The others being the previous Apple vs. Samsung trials and the ones that may still be to come.
Should you have been unaccountably incarcerated in a deep eyrie for the last few years, you may not know that these two great companies have been constantly fighting over who copied what from whom and who had the patent on some tiny part or rounded corner first.
After all, most jurors will likely have one phone or the other. Or even both, if they lead a corporate or double life. Moreover, even though the case surrounds phones of yore, the design principles haven't changed that much over the years.
iPhones 6, 7 and 8 largely looked the same, didn't they?
I don't want to get into the finer legal niceties. You're surely far better than me at that.
Instead, I'd prefer to clarify why it's always been easy to tell the difference between Cupertino's creations and Seoul's.
The iPhone was always a little on the cool side.
It was something of limited proportions and desperate not to appear to flashy. Just flashy enough, you understand.
It enjoyed the design purity of Prada, rather than they garishness of Gucci.
When it came out, it began to incite envy because, well, people adored it and it made vast amounts of money. Who's not envious of that?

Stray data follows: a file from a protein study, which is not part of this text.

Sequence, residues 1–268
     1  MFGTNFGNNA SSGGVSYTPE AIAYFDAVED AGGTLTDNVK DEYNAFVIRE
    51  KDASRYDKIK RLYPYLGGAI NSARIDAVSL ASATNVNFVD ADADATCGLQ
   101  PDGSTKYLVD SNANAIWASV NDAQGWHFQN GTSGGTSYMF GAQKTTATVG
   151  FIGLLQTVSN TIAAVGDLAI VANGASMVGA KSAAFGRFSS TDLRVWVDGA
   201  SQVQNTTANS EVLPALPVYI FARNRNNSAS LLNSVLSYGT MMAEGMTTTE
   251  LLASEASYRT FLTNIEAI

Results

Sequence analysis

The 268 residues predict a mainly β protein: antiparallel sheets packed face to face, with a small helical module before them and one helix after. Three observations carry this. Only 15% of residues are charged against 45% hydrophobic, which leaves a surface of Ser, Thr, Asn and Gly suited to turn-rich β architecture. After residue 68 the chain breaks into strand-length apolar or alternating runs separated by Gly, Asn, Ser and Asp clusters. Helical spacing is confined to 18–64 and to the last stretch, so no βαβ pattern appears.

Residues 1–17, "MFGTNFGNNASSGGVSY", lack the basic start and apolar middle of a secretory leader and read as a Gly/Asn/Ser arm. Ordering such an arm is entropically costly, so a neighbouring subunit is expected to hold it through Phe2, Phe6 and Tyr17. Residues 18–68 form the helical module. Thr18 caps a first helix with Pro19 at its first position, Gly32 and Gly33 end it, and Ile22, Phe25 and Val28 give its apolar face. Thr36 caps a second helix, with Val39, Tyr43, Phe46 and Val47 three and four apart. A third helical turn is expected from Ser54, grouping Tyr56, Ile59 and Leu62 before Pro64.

Even though most technologically inclined types believed the iPhone was a pretty toy for halfwits.
When Samsung managed to channel its envy into creativity, it didn't produce simple iPhone clones. Really, it didn't.
Instead, it offered a two-pronged attack. One, be bigger and shinier. Two, mock the living daylights out of those risible too-cool-for-schooler Cupertinians.
Each prong was equally effective. The former made Samsung phones look different. The latter managed to make Apple fanpersons seem like sheep, with a greater need for belonging than a mind for discernment.
My hope was that she wanted them to pass the word along that there was really nothing to see here. Even if Apple had won, so very near its hometown.
It's little different in your case, dear jurors. You know, because you've lived with this my-phone's-better-than-yours nonsense for a long time, that it's easy to tell the difference between an iPhone and a Samsung phone.
The iPhone's the one that you see slightly more often on TV held by beautiful people and the Galaxy's the shinier one that gets its software updated around once every new iPhone release.
Or, in Samsung's view, the iPhone's the one that's copied everything Samsung did for the last 10 years.
Send a message to these companies to stop with all this patent absurdity.
Award Apple a meal for ten at Manresa in Los Gatos and Tim Cook a guest appearance as a patent attorney on "Silicon Valley" and tell them to just stop.
Do it, most of all, for Judge Lucy Koh.
If you think you're suffering through this trial and its lawerly preening and posturing, just think what she's going through.